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The Right Women: A Journey Through Conservative America

The Right Women: A Journey Through Conservative America
by Elinor Burkett
Scribner, $23

Just one generation has passed since the modern feminist movement joined forces with other American movements in protesting the status quo, and the country has veered strikingly to the right. The political activists of yore, demanding that the government feed the cities and starve the war machines are but a quaint memory. In their place has stepped the politically powerful Christian right, with what it coyly calls its “pro-family” values—which organizations like NOW read as code for anti-homosexual, anti-choice and ultimately anti-woman.

So how is the feminist movement faring now, at a time when “femi-nazi,” courtesy of Rush Limbaugh, is part of the American lexicon and the cover of Time Magazine asks, “Is Feminism Dead?”?

Not to worry, at least according to journalist Elinor Burkett, a self-described pushy New York Jewish feminist. In her book The Right Women: A Journey Through Conservative America, Burkett argues that feminism, despite the strength of movements like the Christian Coalition and Focus on the Family, is alive and well. It “has grown wild across the land,” she says, and has taken root—albeit invisibly—deep in psyches of even the most conservative of American women.

During a two-year trek across America, Burkett met with a colorful range of right-wing women. She found that even though they reject feminism per se—and often vociferously—as an exclusively liberal ideology, they take for granted many of the gains that the women’s movement achieved. And while Burkett is irked by the lack of gratitude, she is still gratified to find that feminism, like it or not, is now part and parcel of American values.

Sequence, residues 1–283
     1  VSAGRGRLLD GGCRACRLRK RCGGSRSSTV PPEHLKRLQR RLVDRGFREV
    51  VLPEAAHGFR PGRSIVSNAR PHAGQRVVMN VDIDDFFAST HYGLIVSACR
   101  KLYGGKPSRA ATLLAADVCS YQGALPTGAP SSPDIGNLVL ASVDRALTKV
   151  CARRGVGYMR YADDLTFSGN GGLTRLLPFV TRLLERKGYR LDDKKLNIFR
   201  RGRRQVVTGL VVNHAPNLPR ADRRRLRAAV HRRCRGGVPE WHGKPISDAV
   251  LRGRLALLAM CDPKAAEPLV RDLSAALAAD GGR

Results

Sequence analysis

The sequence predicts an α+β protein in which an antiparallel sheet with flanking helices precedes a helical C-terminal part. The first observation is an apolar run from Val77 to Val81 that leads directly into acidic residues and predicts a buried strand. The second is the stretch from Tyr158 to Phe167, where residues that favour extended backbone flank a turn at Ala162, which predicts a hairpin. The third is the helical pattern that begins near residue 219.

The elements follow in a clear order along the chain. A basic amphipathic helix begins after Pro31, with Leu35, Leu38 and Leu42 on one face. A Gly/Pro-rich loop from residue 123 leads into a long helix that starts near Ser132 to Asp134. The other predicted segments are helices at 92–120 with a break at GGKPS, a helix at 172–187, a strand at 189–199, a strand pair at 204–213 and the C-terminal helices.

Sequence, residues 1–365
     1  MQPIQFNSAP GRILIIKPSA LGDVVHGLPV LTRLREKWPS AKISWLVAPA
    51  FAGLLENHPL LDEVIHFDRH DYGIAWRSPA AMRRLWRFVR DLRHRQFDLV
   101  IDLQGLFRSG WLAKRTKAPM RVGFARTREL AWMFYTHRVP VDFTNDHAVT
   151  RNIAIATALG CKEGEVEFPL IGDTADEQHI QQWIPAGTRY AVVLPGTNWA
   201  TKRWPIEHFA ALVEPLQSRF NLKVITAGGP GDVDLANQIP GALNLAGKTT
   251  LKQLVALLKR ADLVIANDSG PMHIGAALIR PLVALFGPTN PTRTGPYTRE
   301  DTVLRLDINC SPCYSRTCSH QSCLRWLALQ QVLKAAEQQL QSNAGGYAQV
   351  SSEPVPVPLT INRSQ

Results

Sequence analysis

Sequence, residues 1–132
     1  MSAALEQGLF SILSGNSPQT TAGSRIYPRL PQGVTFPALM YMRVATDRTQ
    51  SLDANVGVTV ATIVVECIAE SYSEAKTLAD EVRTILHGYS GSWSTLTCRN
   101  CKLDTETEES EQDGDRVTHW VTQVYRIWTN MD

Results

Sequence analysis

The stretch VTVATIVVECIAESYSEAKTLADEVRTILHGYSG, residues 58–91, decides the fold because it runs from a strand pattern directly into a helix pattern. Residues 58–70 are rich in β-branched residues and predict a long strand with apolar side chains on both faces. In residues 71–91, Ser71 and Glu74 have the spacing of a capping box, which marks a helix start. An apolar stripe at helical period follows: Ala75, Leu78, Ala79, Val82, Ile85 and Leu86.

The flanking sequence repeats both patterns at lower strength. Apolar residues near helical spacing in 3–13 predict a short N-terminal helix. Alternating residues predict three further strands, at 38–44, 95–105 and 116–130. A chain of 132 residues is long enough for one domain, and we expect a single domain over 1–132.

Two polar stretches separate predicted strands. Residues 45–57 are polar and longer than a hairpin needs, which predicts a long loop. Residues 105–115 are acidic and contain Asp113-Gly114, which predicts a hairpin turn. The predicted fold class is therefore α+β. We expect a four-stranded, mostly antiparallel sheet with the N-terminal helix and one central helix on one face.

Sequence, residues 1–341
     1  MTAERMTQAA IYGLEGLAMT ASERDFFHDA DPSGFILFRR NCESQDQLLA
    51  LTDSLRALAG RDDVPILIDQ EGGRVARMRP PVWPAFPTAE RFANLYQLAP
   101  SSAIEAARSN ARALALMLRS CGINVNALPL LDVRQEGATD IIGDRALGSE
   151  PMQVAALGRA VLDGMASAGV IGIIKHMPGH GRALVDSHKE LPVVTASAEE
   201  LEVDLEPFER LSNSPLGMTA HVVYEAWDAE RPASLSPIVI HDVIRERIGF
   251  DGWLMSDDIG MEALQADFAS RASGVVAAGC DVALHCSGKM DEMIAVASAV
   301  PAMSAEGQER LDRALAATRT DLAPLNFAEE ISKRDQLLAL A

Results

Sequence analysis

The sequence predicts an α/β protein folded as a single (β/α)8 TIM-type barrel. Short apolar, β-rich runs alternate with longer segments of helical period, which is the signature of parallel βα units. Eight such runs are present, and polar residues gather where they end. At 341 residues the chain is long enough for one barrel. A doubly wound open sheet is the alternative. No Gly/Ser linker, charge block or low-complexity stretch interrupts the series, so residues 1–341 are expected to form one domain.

In her snappy prose, Burkett introduces us to some fascinating characters. There is Nona Brazier, a black conservative who opposes affirmative action and ran for governor of Washington; Kay Shiel of suburban Kansas City, a housewife who heads a militia group (“I resent the assumption that militia members are all racist pigs.”); Elizabeth Holscher, a fundamentalist Christian in upstate New York who home-schools her five children and tells Burkett that she feels bad for feminists. “They’re missing out on something special God has for them,” she says.

The ’94 Republican sweep in Congress included seven Republican women, the most ever elected in one year. These feisty women pols, who seemed to embody feminist ideals, made a vociferous point of separating themselves from the movement. Burkett quotes Representative Barbara Cubin of Wyoming, who after the election rejoiced: “There’s not a femi-nazi among us!”

Oddly, Burkett does not take offense. Instead, she criticizes her beloved feminism, faulting its adherents for their attacks on housewives and prolifers, i.e. women who disagree with traditional feminist ideology. While some may feel that this critique lets conservative women too easily off the hook, Burkett’s willingness to ponder all sides of this debate is what makes this book a most provocative and valuable read.

Alice Sparberg Alexiou, who lives on Long Island, writes frequently about the Christian Right.